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A world in miniature on display

Miniatures made by Karen Riddet will be on display at the Gays Mills Public Library for the next month.

Karen Riddet has been involved in the arts most of her life. With an associate degree in art, her work has transitioned over the years from acrylic painting to creating hand-made 1/12th scale miniatures. Basswood, oven-baked clay, and “found” or modified objects join with her attention to detail, historical research and, occasionally, sense of humor to produce exquisite miniatures.

Riddet has made miniature rooms and other 1/12th scale creations for over 30 years. During that period, she has accumulated a large assortment of “bits and pieces” with potential use. She says these items are “well organized, labeled and easily accessible within a short distance from my studio work table.”

Riddet has taken advantage of new materials available on the market.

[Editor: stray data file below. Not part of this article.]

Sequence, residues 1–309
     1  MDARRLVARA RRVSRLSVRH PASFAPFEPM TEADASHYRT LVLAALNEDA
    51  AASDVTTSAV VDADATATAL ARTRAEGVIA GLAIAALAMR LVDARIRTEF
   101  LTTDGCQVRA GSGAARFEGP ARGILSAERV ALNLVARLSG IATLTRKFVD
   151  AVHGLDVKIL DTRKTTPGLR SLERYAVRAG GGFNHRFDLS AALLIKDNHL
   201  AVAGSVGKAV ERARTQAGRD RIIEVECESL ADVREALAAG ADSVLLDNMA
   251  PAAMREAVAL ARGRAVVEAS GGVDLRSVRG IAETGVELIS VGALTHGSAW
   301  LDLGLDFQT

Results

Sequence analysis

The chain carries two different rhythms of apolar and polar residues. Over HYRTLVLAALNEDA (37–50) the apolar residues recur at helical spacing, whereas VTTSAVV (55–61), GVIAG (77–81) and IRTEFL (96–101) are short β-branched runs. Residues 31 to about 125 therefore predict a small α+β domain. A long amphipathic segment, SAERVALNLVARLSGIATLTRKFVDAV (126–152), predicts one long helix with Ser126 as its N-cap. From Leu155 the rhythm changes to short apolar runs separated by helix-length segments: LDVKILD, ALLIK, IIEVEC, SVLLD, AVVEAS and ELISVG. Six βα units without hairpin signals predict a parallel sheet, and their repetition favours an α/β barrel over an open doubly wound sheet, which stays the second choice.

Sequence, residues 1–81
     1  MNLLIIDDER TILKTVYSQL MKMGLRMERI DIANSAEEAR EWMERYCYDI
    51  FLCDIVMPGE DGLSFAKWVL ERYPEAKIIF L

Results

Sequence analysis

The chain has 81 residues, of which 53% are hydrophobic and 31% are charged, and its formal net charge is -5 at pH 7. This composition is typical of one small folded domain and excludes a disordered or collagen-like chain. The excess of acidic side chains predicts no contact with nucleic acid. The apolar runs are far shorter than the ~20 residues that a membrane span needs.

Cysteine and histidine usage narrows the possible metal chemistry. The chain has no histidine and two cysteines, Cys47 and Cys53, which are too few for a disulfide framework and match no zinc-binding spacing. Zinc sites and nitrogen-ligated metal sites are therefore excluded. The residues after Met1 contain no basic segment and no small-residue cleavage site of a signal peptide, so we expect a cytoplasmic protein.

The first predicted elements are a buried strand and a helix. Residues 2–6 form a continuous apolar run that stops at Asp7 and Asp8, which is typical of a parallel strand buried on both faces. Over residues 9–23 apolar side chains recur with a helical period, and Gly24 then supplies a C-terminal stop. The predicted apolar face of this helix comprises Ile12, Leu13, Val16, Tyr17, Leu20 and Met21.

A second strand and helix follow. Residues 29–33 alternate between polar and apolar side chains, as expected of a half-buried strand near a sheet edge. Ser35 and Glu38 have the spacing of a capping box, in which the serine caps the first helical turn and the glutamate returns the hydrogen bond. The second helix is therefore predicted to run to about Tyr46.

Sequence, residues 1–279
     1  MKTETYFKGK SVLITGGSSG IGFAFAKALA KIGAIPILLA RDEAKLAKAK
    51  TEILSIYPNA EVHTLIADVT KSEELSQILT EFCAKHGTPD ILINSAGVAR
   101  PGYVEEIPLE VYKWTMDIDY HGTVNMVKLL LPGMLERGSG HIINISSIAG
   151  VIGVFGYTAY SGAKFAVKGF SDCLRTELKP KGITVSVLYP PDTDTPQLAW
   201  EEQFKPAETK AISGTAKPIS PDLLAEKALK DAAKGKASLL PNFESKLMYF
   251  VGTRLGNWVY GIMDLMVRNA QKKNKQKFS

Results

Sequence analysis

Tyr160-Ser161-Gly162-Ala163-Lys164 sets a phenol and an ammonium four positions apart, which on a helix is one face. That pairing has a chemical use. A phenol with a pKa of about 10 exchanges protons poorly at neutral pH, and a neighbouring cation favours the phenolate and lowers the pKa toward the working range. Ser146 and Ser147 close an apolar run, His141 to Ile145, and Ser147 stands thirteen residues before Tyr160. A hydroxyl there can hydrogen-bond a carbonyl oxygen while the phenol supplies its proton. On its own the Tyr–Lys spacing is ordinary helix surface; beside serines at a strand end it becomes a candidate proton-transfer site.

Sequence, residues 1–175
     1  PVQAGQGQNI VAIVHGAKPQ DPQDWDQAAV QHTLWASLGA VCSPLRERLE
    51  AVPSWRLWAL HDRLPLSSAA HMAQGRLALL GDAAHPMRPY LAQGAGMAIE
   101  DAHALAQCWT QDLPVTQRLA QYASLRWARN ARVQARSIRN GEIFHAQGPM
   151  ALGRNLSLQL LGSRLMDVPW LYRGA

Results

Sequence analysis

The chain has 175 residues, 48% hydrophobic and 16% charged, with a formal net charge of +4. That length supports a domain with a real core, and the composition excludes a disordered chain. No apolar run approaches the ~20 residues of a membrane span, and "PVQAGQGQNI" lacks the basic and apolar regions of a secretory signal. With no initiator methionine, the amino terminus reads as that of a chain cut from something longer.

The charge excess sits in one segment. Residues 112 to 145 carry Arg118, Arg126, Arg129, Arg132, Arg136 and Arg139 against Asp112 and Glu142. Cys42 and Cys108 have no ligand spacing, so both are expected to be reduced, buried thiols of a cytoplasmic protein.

“All my foods, from the turkey to the fruits, vegetables, baked goods, cheese and candies are made from Sculpey polymer clay,” Riddet explained.

Many of Riddet’s miniatures deal with earlier historic periods. 

“Perhaps this is just nostalgia” Karen said, “or, perhaps, wishful thinking on my part. As we approach an uncertain future insofar as sustainability on a global level is concerned, perhaps a little simplicity and sensibility will go a long way in maintaining sustainable consumption.”

Riddet’s personal favorites on display in Gays Mills include the Civil War trunks and the Halloween feast. That’s not surprising when one realizes that Karen and her husband Michael Riddet have been regular participants in Boscobel’s Civil War re-enactment events and that Karen loves holidays generally and Halloween specifically.

In 2011 Riddet won the American Miniaturist Contest for entire feasts displayed under cheese domes.  Judges favored the quality and creativity of her work while appreciating that the pieces “just look fun!”

Riddet’s work has been featured in ‘Miniature Collect Magazine,’ ‘Miniatures Magazine,’ and ‘American Miniaturist Magazine.’  Her pieces have been exhibited at the Harry Nohr Gallery at the UW-Platteville and represented by Winstanley Roark Fine Art in Dennis, Mass. Many of her miniature rooms may currently be viewed at the Boscobel Public Library. Some rooms and miniatures are also displayed at the Carriage House on Highway 61 in Boscobel.